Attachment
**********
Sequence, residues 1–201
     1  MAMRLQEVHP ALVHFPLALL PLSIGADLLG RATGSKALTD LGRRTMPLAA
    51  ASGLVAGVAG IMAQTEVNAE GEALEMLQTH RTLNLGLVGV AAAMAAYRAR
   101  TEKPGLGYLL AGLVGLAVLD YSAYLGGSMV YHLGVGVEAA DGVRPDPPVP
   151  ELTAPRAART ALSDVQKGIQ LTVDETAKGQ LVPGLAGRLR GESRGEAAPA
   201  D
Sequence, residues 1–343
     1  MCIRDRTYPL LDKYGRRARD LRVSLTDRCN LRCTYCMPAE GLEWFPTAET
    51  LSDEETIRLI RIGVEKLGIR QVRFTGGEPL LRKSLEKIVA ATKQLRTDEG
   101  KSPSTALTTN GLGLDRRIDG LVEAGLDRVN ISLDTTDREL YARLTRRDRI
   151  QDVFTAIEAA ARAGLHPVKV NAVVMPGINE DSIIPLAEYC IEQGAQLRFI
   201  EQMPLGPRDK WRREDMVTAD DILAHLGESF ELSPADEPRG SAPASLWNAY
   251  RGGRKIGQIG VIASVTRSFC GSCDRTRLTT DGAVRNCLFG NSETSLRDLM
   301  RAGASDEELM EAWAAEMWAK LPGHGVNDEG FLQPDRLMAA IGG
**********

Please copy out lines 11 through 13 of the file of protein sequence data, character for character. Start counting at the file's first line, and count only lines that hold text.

   151  QDVFTAIEAA ARAGLHPVKV NAVVMPGINE DSIIPLAEYC IEQGAQLRFI
   201  EQMPLGPRDK WRREDMVTAD DILAHLGESF ELSPADEPRG SAPASLWNAY
   251  RGGRKIGQIG VIASVTRSFC GSCDRTRLTT DGAVRNCLFG NSETSLRDLM